CPAWS Statement on Alberta’s Parks Closures and Privatization

March 5, 2020
By: admin

CPAWS Statement on Alberta’s Parks Closures and Privatization

– Statement, March 5, 2020

For over 50 years CPAWS Southern and Northern Alberta chapters have been collaborating with industry, government, Indigenous partners, communities, and like-minded organizations to protect our invaluable parks and wilderness areas and connect Albertans to nature through sustainable outdoor recreation. We are very concerned with the recent announcement from the Government of Alberta on a drastic change to our parks and recreation areas.

While the Alberta Parks news release has recently been amended to remove the mention of sale of parks*, we continue to be concerned with the massive changes to the parks system without transparent decision making or consultation with Albertans.  The changes, including the full or partial closure of 20 sites, where full closure is stated as “entire site will be closed to public access” and the removal of 164 Parks from the Alberta Parks System results in the loss of the protections to conservation values and quality of recreation experience that are provided through a parks designation.

The news release also states that “Sites removed from the parks system would have their legal park designations removed, and could be open for alternate management approaches. This includes potential Park Partnerships through [sale or]* transfer to another entity such as a municipality, so that sites could continue to provide important economic and recreational benefits to local communities. Some of the sites could also stay open under a public lands management model or revert back to vacant public land.”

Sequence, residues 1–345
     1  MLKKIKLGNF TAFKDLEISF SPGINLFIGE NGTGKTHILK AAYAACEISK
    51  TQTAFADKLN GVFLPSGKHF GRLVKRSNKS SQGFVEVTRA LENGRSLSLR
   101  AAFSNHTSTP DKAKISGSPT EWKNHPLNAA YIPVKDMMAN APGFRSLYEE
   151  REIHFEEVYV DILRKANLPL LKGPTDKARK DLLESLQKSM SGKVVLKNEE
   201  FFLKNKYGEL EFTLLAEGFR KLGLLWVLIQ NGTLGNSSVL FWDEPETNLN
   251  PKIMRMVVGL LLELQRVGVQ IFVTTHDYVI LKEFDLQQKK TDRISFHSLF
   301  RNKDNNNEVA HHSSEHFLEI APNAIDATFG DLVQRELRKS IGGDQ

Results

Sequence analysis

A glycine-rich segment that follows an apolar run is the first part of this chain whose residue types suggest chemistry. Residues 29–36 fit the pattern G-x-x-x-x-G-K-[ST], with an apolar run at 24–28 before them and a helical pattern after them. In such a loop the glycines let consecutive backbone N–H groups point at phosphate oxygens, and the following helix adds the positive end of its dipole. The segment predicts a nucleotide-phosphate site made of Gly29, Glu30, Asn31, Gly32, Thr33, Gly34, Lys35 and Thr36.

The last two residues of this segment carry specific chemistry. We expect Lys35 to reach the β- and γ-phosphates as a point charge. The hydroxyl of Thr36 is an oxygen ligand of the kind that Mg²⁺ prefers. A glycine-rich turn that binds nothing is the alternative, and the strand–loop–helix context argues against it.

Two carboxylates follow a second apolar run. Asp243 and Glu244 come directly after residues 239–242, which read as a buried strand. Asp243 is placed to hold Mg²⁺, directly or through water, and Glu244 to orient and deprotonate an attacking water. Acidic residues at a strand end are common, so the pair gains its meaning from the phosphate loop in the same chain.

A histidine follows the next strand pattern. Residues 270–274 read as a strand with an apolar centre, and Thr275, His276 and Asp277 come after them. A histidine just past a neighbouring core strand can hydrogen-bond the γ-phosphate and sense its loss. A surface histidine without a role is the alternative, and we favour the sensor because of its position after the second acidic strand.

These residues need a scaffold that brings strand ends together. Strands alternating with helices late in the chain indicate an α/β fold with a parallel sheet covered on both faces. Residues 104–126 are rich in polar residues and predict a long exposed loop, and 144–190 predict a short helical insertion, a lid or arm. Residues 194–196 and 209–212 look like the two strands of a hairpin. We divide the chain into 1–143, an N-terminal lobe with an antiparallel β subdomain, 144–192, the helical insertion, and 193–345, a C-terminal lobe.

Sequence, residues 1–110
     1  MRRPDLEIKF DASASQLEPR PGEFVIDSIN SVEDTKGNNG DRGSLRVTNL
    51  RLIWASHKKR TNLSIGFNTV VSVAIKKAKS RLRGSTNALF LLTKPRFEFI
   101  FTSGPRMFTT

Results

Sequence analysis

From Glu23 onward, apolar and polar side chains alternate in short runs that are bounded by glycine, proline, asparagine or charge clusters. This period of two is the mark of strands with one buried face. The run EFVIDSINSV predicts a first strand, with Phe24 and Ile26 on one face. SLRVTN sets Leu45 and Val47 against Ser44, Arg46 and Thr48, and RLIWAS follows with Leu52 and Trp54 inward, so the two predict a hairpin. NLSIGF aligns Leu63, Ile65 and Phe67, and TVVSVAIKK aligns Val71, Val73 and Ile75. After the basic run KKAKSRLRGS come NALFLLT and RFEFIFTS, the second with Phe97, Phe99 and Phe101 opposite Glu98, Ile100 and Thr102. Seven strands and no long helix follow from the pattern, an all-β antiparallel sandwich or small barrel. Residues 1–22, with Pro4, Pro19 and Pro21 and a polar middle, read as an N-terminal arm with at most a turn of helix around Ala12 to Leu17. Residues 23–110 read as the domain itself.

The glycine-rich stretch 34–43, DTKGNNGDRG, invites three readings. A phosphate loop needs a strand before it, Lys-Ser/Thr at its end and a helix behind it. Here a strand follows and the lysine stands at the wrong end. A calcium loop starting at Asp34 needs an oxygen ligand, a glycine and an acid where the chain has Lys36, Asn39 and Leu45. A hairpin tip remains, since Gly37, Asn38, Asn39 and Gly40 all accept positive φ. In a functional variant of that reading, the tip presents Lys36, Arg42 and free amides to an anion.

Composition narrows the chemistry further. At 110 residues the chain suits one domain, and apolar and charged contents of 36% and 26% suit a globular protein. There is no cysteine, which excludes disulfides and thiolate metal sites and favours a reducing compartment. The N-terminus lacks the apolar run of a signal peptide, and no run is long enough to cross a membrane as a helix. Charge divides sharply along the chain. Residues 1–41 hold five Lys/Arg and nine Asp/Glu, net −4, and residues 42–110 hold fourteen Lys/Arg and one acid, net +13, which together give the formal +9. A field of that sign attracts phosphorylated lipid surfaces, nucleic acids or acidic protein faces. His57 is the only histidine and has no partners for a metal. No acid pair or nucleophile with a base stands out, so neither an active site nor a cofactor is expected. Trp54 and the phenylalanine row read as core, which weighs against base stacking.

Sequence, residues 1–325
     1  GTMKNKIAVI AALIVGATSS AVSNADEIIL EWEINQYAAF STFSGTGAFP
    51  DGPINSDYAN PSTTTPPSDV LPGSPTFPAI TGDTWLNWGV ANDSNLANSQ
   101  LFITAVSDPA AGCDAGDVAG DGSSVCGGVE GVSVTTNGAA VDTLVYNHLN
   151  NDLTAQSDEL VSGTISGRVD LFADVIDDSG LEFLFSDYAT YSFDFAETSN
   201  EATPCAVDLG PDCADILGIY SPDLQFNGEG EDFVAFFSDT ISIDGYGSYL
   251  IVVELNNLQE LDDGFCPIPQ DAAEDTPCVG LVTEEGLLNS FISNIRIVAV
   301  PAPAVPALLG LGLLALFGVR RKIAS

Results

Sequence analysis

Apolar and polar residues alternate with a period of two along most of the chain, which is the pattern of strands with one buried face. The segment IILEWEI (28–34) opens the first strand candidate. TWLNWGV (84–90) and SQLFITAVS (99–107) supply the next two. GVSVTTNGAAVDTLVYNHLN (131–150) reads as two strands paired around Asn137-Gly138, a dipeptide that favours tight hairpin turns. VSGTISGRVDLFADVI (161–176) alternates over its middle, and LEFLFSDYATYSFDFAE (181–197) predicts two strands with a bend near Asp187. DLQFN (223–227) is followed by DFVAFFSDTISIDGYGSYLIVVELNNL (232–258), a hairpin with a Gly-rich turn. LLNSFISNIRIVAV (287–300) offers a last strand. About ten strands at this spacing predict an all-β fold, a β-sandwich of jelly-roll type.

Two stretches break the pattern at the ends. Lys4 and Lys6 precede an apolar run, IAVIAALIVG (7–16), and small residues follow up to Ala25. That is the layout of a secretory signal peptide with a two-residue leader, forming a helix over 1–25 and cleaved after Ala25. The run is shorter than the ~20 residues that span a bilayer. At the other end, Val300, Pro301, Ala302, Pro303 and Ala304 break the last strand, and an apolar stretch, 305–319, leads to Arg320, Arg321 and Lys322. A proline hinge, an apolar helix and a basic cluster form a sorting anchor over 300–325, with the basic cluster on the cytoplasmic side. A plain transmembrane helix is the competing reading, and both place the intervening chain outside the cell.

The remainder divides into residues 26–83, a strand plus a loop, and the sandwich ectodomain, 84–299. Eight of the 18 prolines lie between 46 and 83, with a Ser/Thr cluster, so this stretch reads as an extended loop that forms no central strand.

Despite the recent wording changes, the minister has reiterated his intent to remove 164 sites from the parks system and transfer management to non-government organizations and private interests. This opens the door for uses that are not currently permitted within our parks.  Private operators are not accountable to Albertans or to maintaining conservation values and quality outdoor experience. 

We do not think that Alberta’s parks should be managed for profit, and fear that this move will result in decreased service quality, increased costs and the commodification or loss of areas that offer Albertans an improved quality of life, access to nature, ecosystem services, and habitat for fish and wildlife.

Public lands management, and vacant public land-use do not adequately protect fish and wildlife or recreation values and could be leased for industrial resource extraction or commercial development. Additionally it may be difficult to find private partnerships for areas that , as the minister stated, are not economically viable, leading to deterioration of parks and recreation sites or further closures.

We are also very concerned about the additional 20 sites that according to government release will become inaccessible to the public. “Twenty parks will have full or partial closures in 2020. Some of these will be full park closures, where the entire site will be closed to public access. Others will have partial closures, where either their campgrounds or specific facilities are closed to public access, with the remaining park areas open, but non-serviced.